TOKYO -- The perennially delayed Mitsubishi Regional Jet may come under stricter regulatory scrutiny in the wake of the Boeing 737 Max crashes, adding to the obstacles faced by an aircraft that has yet to land a single new order in the past three years.
The Federal Aviation Administration in the U.S. has received pointed criticism for its apparent failure to flag safety issues cited in two crashes of the Boeing passenger jet occurring within five months. The FAA works closely with Japan's transport ministry, which grants type certifications for new planes.
Many now expect tighter oversight of the MRJ's developer, Mitsubishi Aircraft. The Japanese company aims to win certification for the regional jet by the time it completes the first delivery, currently slated for mid-2020.
"There is no change to our continued development focused on safety," Mitsubishi Aircraft President Hisakazu Mizutani said Tuesday, responding to a question about the FAA screening. The company was holding its first quarterly progress report on the MRJ since the deadly plane crash last month in Ethiopia.
But officials at Mitsubishi Aircraft's parent, Mitsubishi Heavy Industries, have begun expressing caution.
"We could potentially be impacted by tougher [type certification] screening," a Mitsubishi Heavy executive said.
The regulatory scrutiny is the latest potential issue to impede the MRJ's commercial launch. Development for Japan's first homegrown passenger plane in over five decades began in 2008. The first delivery initially was scheduled for December 2013, but the date has been pushed back five times.
Orders for the jet once totaled up to 474 units from U.S. and Japanese carriers. But fresh orders stopped arriving in 2016, and cancellations have reduced the backlog to 407 units. Mitsubishi Aircraft has been busy trying to keep the count from dwindling further.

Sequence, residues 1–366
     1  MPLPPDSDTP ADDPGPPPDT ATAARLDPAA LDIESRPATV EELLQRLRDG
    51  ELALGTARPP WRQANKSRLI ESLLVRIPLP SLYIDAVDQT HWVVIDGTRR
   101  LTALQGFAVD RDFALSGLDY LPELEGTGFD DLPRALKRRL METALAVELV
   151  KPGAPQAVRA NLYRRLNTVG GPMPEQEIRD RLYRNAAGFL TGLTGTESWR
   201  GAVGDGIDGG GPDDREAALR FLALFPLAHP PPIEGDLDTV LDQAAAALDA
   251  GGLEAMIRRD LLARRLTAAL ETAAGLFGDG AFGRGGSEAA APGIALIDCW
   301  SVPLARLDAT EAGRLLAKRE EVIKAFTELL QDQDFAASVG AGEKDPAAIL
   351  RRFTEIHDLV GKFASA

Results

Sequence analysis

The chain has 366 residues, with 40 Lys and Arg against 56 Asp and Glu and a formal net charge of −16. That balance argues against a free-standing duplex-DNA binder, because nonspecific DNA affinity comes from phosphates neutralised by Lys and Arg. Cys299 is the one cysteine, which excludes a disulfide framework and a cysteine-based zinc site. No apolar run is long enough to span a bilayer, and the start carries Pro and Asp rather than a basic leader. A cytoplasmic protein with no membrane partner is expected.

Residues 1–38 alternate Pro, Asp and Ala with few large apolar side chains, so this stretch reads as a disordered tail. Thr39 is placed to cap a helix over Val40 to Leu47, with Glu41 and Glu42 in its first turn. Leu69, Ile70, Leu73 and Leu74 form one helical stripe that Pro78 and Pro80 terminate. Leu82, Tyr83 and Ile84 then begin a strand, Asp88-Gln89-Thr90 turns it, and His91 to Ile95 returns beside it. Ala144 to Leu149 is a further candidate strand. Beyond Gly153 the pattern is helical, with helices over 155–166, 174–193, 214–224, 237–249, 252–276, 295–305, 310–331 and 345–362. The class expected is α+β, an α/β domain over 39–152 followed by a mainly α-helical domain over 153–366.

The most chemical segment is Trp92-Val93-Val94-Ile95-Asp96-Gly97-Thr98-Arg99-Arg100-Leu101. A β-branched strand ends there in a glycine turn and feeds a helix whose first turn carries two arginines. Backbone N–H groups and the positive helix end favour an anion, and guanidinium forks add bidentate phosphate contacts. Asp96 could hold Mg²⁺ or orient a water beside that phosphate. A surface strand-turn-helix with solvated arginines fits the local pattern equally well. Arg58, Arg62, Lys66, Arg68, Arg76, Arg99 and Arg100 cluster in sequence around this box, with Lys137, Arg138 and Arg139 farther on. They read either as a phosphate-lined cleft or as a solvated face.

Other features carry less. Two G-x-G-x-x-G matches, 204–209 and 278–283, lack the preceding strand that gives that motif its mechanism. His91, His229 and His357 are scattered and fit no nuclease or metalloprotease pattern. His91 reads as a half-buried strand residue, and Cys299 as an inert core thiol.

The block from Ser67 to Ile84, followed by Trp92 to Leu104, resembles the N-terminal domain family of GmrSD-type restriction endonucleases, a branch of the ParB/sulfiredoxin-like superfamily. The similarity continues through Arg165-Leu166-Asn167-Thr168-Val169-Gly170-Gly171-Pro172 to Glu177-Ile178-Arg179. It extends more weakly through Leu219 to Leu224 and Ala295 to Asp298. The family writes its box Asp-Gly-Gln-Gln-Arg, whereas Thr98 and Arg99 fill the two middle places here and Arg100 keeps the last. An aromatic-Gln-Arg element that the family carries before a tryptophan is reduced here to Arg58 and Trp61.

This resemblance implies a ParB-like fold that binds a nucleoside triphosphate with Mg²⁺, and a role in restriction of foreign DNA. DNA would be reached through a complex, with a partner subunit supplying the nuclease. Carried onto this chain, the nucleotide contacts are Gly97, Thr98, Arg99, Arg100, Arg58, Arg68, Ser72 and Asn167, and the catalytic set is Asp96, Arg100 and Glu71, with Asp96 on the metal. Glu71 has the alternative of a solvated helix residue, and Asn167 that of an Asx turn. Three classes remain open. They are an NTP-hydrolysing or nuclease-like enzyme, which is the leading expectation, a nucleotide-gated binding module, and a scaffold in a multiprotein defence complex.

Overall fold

"We have been forced to give explanations to clients," an executive said.
The MRJ is losing ground to the likes of Embraer, the Brazilian rival that started delivering its narrow-body E2 last April.
"It is true that clients are looking closely at our development," said Mizutani, who added that the jet needs to materialize soon.
But the company's plans for mass production may be delayed. Tohmei Industries, a contract airframe assembler for Mitsubishi Aircraft, recruited only about 30 new employees this spring, short of the plan for 100 new hires.
The Aircraft Parts Manufacturing Cooperative, a group of 10 smaller domestic suppliers, built a factory in Mie Prefecture two years ago designed to handle everything from parts processing to coating. But the plant's operating rate "is stuck at 30% of the planned capacity," the network said. Suppliers say no concrete instructions have been received from the Mitsubishi Heavy group.
Mitsubishi Heavy has sunk more than 600 billion yen ($5.36 billion) into the MRJ through March 2018, and the group is expected to spend another 200 billion yen by the end of 2020. Missing the 2020 deadline as well could entail significant losses for the project -- and draw the ire of impatient clients.
"I no longer hold too much expectation" for the MRJ, an airline executive said.